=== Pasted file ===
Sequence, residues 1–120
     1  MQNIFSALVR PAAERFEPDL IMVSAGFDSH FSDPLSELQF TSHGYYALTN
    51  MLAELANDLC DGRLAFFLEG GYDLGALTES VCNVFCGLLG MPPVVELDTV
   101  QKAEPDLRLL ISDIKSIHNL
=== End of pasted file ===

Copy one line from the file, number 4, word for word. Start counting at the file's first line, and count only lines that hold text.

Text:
   101  QKAEPDLRLL ISDIKSIHNL